You’ve imagined what your last day in the office will look like, haven’t you?
Passing the baton to those you’ve groomed, enjoying the fruits of a career dedicated to the business you’ve built, riding off into the sunset, perhaps literally, to travel and unwind.
It sounds beautiful and glorious.
Now, what have you done to actually prepare for that day (outside of imagining it)?
If the answer is not much, I have some unfortunate news. That day you imagined? You might need to push it back a couple of years.
The hard fact is that succession planning in your small business can’t happen overnight. You will need to craft a coherent strategy to hit on multiple dimensions, from managing your personal and family goals to retaining and growing top talent to navigating tax and legal exit considerations.
Don’t let a lifetime of sweat equity evaporate by improperly preparing your business for your exit. Start the process of succession planning today to secure your retirement, create a sustainable firm for your employees, and preserve your professional legacy.
The Need for Early Succession Planning in Your Small Business
Small business owners face a bevy of complexities when planning for their eventual exit from the business. Some owners may want to ensure the long-term success of business operations while others may prefer to maximize their family wealth through extensive (and complicated) financial and legal planning. The waters become further muddied when family issues are introduced, like leaving a legacy, considering birthrights, and managing personalities and interpersonal dynamics.
Even if those important to the process recognize the need for succession planning, the burgeoning quagmire of issues often prevents implementation. How do you start? Who do you call (not Ghostbusters)? Are you being fair to your family, your internal stakeholders, and your potential successors? Do you have the time to extricate yourself from the day-to-day in order to focus on long-term planning?
This list of questions, far from complete, is a major reason why so few firms have an actionable succession plan in place. A Wilmington Trust survey found nearly 60 percent of small business owners do not have a succession plan in place. Though difficult, coming up with the list of questions specific to your family and firm, and at least reasoning through your answers, is a critical first step.
You will also need to account for your firm’s strategic direction when building a succession plan. This is the proverbial “skate to where the puck is going” statement, put into action. Hopefully you have separately implemented a strategic planning process within your firm. Now, you will need to add another succession planning layer.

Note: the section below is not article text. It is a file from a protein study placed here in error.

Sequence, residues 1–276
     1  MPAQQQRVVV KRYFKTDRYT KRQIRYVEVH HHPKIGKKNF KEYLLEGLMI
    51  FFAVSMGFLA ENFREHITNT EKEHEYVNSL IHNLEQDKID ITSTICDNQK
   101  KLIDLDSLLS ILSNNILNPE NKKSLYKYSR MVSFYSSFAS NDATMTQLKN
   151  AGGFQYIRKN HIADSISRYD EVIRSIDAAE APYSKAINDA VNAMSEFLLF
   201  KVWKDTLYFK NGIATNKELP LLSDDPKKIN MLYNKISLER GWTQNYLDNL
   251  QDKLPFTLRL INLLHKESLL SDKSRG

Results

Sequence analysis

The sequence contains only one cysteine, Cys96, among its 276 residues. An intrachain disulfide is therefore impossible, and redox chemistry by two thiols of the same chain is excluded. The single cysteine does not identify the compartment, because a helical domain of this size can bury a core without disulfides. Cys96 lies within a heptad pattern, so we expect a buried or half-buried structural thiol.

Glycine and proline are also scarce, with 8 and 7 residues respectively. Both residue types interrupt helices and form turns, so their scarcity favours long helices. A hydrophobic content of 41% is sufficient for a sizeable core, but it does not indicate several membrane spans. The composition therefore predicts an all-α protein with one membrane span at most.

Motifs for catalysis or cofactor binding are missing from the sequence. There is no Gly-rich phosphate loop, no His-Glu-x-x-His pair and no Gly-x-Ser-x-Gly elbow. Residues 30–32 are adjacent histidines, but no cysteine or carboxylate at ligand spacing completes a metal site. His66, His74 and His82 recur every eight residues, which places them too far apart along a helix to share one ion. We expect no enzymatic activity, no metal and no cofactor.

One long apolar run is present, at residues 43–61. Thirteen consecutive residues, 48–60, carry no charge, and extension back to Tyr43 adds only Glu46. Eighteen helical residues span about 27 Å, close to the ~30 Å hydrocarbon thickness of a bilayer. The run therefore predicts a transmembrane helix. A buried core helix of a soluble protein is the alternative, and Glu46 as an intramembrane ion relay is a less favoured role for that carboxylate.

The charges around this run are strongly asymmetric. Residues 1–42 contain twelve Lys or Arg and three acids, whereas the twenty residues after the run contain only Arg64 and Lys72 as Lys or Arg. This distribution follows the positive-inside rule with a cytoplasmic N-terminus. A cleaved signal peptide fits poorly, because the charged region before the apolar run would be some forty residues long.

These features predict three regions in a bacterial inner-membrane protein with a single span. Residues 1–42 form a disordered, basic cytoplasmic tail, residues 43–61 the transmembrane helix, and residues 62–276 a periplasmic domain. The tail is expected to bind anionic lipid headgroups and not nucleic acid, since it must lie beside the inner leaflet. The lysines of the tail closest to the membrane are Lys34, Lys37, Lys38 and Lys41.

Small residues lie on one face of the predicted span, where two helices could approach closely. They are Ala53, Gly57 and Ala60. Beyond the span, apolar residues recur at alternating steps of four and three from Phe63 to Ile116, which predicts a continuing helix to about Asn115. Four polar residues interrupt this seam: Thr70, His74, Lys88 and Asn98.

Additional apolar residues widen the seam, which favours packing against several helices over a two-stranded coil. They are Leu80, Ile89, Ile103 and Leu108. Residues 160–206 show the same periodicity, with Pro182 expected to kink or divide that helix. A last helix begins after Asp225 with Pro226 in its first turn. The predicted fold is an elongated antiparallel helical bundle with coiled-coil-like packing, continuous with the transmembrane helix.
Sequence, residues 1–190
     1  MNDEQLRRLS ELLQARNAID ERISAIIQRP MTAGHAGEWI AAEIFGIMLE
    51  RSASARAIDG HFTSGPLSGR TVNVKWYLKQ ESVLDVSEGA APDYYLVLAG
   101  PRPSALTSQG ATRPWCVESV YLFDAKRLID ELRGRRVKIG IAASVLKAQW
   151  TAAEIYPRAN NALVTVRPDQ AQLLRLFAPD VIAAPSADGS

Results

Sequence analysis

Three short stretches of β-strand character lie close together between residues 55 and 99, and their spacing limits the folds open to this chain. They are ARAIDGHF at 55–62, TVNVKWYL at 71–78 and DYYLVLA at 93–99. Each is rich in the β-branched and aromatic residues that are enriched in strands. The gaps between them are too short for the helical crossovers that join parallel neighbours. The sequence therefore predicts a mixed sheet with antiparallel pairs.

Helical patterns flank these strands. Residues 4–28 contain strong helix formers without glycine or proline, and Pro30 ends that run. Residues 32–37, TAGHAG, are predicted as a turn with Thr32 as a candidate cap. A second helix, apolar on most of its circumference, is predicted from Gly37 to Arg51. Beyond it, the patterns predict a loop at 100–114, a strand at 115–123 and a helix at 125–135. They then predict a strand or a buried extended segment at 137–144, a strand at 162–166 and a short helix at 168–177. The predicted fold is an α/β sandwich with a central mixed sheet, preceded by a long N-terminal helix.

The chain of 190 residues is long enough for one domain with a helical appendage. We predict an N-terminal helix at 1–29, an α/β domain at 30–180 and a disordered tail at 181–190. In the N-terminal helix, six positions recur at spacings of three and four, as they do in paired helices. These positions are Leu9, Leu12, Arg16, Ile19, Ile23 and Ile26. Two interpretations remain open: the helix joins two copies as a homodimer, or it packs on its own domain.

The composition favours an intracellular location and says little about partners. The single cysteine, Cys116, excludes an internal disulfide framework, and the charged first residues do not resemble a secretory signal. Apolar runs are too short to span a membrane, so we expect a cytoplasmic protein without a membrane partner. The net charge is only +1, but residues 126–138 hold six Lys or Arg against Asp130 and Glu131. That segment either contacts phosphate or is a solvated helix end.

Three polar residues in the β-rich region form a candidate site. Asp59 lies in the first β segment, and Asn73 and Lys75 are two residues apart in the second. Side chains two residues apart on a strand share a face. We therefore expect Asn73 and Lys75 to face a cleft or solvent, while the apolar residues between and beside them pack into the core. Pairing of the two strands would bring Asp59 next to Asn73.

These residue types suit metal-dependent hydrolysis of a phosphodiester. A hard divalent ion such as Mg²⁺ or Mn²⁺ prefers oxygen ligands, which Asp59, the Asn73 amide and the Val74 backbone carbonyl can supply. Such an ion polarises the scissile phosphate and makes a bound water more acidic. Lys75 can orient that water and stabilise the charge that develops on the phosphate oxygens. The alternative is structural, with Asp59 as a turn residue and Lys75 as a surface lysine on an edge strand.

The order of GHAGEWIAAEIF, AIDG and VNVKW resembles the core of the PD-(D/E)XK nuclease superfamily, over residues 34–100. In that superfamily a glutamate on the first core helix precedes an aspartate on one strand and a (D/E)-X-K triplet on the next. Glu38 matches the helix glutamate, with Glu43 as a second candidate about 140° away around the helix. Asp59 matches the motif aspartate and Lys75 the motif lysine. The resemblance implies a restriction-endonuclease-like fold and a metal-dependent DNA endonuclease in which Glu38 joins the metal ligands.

This means your succession planning is more than just a review of your firm’s org chart — you will have to consider how the organization’s operating structure will evolve over time. What new growth areas are you pursuing? How will you support these new initiatives? How are workflows managed today versus in the future? Answering these questions allows your succession planning process to support the dynamism inherent in your firm and your industry.
Finally, and this lesson seemingly applies to every aspect of our lives, but consistent and clear communication is key. You likely have your own goals, for your exit as well as the trajectory of the business, but there are internal stakeholders with their own needs and concerns. Including stakeholders in the firm’s goal-setting process can empower those who will step into your shoes and set the stage for a smooth transition.
Financial Foundations of Succession Planning
Succession planning involves more than just deciding who will run the business. Equally as important is determining what kind of business those successors will run. Plus, understanding the enterprise value of the firm and funding the ownership transition go hand-in-hand with these strategic decisions.
While your existing entity structure (be it sole proprietorship or closed partnership) may have served your needs as owner, this may not be necessarily true for the next generation of ownership. Liability exposure, access to capital, and the personal financial needs of both the owner and other internal stakeholders complicate the entity structure decision.
While a full discussion of all entity structures is beyond the scope of this blog post, each type offers different benefits, issues, and costs that will change the complexity of your succession planning process. Speak with your legal, tax, or financial advisor to determine if a limited liability company (LLC), partnership, S corporation, or C corporation designation would be the best fit for your firm.
What’s your business worth? The value of your business will have an enormous impact on many different succession planning issues, from taxes and estate planning to exit funding to shareholder agreements.